Chinese authorities have arrested an obstetrician for allegedly trafficking babies
The doctor would convince parents to give up their children by saying they were gravely ill
A baby boy was returned to his parents Monday after being recovered by police
Police are investigating five similar cases at the same hospital in Shaanxi Province
Chinese health authorities have promised an overhaul in hospitals across the country following the arrest of an obstetrician for allegedly selling newborns to human traffickers, state media reports.
Police in Fuping County in China’s northwestern Shaanxi Province said that the doctor in question, Zhang Shuxia, had allegedly sold other babies to traffickers in the past. Police were investigating 10 similar cases at Fuping County Maternal and Child Health Care Hospital, where Zhang was deputy director of the maternity department, reported state-run CCTV.
The latest baby was returned to its parents amid emotional scenes on Monday, after its identity was confirmed through DNA testing. As family members wept, the parents knelt to thank police for recovering their son, the state-run China Daily reported.
Fuping County authorities said the baby boy had been allegedly sold for 21,600 yuan ($3,527) by Zhang on July 17, the day after he was born. The baby was then sold two more times in ten days.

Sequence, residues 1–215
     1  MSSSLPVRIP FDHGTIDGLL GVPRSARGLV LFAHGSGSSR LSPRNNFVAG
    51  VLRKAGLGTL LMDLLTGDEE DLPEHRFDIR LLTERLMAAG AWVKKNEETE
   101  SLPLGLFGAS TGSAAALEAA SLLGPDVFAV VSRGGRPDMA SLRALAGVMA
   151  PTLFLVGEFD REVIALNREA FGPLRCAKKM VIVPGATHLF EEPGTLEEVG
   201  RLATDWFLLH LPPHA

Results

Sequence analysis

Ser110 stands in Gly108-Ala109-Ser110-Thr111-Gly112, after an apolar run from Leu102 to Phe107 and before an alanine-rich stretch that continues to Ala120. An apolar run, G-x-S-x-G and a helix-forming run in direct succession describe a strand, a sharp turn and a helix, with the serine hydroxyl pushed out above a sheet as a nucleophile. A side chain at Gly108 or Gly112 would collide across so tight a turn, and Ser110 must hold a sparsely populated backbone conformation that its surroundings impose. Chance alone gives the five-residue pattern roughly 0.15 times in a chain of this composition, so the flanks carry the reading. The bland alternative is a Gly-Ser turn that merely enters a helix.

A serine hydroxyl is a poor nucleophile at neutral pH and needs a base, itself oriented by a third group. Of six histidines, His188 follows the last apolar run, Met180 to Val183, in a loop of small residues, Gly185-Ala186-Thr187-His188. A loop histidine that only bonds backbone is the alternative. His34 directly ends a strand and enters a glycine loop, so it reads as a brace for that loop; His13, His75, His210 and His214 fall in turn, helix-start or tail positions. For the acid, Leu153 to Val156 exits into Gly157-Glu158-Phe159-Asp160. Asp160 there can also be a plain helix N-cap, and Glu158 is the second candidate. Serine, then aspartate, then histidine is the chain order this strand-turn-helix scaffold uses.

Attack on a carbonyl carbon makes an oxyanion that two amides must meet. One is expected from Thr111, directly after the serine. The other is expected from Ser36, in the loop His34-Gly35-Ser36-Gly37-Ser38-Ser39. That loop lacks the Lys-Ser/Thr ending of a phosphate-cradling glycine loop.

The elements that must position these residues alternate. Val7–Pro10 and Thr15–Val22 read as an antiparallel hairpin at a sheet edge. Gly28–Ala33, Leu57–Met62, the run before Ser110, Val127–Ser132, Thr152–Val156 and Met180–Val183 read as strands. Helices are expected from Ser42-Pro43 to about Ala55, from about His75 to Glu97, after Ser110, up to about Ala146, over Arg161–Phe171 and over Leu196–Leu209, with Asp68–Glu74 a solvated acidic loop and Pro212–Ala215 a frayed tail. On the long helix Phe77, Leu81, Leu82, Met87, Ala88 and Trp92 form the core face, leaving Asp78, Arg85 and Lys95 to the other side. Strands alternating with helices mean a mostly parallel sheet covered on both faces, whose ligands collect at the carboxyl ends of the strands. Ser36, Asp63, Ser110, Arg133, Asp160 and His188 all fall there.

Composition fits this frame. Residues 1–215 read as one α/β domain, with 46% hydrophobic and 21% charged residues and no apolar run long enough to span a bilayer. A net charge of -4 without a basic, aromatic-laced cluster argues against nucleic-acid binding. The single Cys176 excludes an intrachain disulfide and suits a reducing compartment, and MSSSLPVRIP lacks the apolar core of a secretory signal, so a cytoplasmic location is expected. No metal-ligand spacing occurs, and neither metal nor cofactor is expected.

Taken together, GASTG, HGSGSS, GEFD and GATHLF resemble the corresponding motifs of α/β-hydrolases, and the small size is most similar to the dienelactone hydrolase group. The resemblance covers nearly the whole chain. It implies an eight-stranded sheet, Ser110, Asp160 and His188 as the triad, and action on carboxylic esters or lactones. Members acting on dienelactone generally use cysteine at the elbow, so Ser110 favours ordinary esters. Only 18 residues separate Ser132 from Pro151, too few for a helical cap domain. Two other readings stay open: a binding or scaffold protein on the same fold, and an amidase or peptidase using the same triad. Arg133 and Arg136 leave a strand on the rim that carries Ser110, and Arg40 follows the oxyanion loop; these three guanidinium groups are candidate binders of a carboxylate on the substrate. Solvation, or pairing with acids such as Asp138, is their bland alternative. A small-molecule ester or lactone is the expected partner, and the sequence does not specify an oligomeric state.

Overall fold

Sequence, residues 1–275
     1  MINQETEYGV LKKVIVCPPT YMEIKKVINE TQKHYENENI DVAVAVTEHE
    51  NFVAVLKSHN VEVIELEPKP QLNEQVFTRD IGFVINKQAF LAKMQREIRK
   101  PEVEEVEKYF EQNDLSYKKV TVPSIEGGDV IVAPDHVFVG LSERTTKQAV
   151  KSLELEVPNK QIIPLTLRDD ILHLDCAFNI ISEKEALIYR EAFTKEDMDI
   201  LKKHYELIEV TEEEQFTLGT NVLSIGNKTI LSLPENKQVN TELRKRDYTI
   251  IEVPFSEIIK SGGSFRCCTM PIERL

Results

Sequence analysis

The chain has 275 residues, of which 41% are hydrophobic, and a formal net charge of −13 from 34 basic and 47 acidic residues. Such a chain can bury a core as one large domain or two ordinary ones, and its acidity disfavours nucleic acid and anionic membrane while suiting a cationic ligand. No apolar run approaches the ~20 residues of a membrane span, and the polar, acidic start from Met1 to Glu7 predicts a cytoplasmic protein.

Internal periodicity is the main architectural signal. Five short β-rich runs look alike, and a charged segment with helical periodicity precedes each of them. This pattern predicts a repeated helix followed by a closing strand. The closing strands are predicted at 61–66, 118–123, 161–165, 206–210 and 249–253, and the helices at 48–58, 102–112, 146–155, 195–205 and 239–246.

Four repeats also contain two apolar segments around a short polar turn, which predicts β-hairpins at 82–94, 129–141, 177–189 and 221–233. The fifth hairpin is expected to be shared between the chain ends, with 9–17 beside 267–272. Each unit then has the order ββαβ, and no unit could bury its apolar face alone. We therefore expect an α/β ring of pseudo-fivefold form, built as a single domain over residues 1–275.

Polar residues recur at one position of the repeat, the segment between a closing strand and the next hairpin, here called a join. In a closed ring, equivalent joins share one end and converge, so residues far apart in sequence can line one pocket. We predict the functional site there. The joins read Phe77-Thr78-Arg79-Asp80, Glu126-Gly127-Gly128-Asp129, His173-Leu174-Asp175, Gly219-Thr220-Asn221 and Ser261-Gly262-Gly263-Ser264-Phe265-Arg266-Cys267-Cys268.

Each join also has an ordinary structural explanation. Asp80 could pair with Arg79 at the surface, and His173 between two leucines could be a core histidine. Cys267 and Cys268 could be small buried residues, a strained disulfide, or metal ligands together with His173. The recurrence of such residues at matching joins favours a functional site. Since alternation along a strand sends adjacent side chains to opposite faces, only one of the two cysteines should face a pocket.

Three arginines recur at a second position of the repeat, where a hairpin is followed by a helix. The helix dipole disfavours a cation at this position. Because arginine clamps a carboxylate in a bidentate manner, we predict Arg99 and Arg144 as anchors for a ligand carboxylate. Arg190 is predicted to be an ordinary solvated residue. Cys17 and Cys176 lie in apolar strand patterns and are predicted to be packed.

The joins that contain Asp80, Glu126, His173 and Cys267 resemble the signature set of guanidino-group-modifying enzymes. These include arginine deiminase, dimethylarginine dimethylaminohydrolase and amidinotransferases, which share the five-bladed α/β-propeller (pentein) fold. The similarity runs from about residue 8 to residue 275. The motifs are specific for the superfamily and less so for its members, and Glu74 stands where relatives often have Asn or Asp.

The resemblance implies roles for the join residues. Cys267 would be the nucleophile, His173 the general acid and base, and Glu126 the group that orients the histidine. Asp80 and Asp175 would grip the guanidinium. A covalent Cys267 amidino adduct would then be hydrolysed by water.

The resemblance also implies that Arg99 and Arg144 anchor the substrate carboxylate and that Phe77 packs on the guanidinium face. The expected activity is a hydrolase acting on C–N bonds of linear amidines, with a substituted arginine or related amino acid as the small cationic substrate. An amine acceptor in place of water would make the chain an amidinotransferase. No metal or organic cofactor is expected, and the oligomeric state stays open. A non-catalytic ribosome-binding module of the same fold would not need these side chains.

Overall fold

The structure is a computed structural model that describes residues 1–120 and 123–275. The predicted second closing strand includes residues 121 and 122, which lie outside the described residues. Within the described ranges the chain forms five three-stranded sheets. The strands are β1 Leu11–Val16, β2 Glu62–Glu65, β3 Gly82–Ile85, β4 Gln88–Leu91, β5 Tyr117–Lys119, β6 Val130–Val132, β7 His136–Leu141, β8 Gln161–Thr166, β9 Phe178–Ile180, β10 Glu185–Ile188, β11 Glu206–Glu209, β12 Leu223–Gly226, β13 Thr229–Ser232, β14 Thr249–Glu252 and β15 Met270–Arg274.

Police said Zhang had allegedly told the child’s parents, Dong Shanshan and Lai Guofeng, that their son had contracted syphilis through the mother, and convinced them to surrender the boy into her care, reported the state-run People’s Daily.
But when the mother subsequently tested negative for syphilis, she grew suspicious and reported what had happened to police. The infant was eventually found in a good condition in a town in neighboring Henan Province Sunday.
Zhang and five other suspects have been detained on suspicion of human trafficking, reported Xinhua.
CCTV cited six other alleged trafficking cases involving Zhang dating back to 2006, including a pair of twins earlier this year. Health issues cited by Zhang in convincing the parents to surrender their children included heart problems, cerebral palsy and missing genitals.
It reported that most of the affected families hailed from the village of Xue in Fuping County – the home of Zhang and her mother.
Another couple from the area told CCTV Zhang had convinced them to give up their baby son at the hospital in 2008, after telling them shortly after the birth that the infant had stopped breathing.
“The whole delivery was around 10 minutes, natural birth. And then she came out and told me that the baby wasn’t breathing,” recalled Dong Pengfei, the father. “I was overwhelmed by that time, and I didn’t have second thoughts. But after that I’ve been thinking why she would refer to it as a ‘kid’ if it wasn’t breathing.”
“I couldn’t stop crying ever since I gave birth to my boy,” his wife told CCTV. “I feel like crying when I see kids from other families.”
China’s state health commission has called for severe punishment for those involved.
“(The commission’s leadership) see it as morally degraded, illegal and intolerable,” said Mao Qunan, spokesman for the National Health and Family Planning Commission.
The commission vowed to impose stricter management of medical services and implement stronger ethics training across the country to prevent similar cases.